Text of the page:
But whatever the figure, it won't include any reference to the good the wedding will do to the balance of trade, through tourism primarily, but a whole multitude of other things too. Many tourists visit the UK primarily for the heritage and pomp and pageantry, of which the Royal Family are an integral, if not the most vital part. Do away with them (so to speak) and yes you may save several millions of visible expenditure, but you would lose a whole lot more through lost tourism.

If the Queen gave up on Buckingham Palace, what would be the point of Changing the Guard? And if you don't Change the Guard, thats one less major tourist attraction in London. Which would result in losses to the local economy probably much larger than the cost of staging the event in the first place.


Distinguished Member
Actually the football clubs do pay for policing football matches


But if they didn't then the Police wouldn't do it, same with policing Royal Family events

The only difference is the tax payer picks up additional costs for the Royal family

andrew markwort

Active Member
so all the officers there are effectively on over-time since they should be having a day off etc.

£20m? That's one heck of an overtime bill. ;) Okay, I entirely accept that overtime will be a genuine cost, but I still can't see how it will amount to the figures quoted by the media.

Thanks for all the replies, folks. I just wonder if we've ever been given the accurate figures for how much an event costs the taxpayer above and beyond the normal wages bill that would be paid anyway.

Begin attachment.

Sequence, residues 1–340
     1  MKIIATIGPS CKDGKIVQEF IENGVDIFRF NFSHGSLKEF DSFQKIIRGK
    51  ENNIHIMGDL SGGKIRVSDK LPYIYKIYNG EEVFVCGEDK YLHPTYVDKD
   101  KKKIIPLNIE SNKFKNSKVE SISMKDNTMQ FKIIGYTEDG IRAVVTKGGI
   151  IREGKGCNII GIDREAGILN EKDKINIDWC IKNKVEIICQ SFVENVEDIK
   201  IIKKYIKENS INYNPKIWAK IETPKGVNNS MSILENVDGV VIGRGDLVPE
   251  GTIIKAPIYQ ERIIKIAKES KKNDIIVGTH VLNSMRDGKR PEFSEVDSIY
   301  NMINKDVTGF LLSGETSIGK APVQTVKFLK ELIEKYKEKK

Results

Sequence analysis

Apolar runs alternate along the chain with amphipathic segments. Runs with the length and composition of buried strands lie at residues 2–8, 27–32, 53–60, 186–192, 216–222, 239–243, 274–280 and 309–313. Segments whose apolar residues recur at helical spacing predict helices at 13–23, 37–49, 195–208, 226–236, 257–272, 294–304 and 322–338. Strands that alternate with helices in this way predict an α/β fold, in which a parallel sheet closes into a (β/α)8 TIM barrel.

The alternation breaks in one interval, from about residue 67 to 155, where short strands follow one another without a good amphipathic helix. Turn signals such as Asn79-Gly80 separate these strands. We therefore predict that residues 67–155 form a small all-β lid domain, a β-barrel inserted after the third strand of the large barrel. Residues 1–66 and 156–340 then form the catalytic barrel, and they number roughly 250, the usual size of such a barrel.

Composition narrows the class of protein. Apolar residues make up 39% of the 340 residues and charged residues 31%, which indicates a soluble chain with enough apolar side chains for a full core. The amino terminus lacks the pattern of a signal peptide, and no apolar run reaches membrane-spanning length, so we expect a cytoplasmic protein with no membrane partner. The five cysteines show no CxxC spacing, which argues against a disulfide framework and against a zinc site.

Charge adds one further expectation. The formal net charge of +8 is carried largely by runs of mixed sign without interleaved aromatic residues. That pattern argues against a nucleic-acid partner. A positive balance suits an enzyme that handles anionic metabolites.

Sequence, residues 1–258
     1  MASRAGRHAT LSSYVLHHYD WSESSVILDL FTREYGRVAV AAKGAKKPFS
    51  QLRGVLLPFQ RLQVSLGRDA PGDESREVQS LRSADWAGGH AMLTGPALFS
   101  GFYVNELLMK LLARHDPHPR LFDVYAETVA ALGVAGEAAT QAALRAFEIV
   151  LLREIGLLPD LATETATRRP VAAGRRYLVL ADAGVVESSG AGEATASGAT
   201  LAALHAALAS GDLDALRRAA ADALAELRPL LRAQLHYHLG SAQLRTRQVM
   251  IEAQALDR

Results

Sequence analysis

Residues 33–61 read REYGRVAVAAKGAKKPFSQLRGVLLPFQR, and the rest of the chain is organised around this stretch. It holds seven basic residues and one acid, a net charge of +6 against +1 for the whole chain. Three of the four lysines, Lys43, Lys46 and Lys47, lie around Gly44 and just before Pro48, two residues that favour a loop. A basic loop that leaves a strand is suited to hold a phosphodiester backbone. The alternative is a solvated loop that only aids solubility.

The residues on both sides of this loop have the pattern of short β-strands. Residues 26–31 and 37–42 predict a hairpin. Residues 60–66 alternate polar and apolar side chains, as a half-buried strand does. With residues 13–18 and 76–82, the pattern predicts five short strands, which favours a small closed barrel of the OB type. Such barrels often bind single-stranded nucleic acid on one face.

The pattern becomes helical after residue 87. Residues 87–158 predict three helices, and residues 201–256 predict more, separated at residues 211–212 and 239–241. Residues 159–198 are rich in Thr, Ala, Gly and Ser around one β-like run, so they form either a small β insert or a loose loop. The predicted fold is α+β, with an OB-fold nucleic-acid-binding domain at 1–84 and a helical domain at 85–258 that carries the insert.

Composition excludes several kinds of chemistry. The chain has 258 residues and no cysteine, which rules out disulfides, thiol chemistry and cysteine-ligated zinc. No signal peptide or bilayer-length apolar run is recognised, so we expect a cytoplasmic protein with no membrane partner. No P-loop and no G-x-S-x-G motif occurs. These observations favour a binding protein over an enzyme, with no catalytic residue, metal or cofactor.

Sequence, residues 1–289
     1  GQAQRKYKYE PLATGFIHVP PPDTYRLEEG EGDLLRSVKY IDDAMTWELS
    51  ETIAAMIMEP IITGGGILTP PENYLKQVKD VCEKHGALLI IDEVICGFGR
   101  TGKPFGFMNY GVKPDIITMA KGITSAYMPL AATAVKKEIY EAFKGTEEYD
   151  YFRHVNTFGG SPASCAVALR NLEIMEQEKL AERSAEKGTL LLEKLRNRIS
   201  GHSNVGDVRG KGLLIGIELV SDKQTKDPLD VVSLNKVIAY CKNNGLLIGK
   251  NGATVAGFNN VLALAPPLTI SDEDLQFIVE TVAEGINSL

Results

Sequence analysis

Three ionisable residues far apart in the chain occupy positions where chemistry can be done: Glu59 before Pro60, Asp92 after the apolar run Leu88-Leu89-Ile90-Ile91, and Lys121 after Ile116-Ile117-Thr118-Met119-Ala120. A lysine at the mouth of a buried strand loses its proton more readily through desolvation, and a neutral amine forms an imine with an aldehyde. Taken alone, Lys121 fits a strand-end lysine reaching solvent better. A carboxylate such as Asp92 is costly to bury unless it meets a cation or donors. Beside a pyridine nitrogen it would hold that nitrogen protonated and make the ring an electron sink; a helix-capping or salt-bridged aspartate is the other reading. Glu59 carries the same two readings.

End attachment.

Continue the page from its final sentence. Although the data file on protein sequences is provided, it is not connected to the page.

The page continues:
Distinguished Member
The true cost of such an event is to ask "by how much would our bank balance be greater if it doen't occur?"

I'm sure your original idea is the correct one. There will be extra cost in planned overtime, etc, but the media and whoever else wishes to oppose the event will without a doubt quote the total cost, including whatever would have been spent anyway.

At a guess, though, for something like a royal wedding, I would think that the extra cost is quite a high proportion of the total. On the other hand, over a year there are always some such events, such as demos, rallies, etc, which could be classed as specials of this type, and society is by and large happy to pay for the extra policing, which they see as a necessary part of the cost of maintaining law and order and security. A royal wedding could be classed as such an event, so perhaps we should just write it off under the annual policing budget. On that basis, it doesn't matter whether any specific event occurs or not; the money is part of the budgets of the various groups involved, and would be spent anyway.

So my considered answer to "how much is [the event, let's say next years R-W] going to cost the taxpayer?" is "probably nothing".

I know you were trying to be rather more general than this specific event, but what I say could apply more generally, too.


Senior Moderator
Oh dear. Police who manage to bag a match day duty are paid normal duty costs. They only earn overtime on actual overtime, just as they would at the station or in a patrol car. They don't get overtime rates for the entire duration of policing a footie match :rolleyes: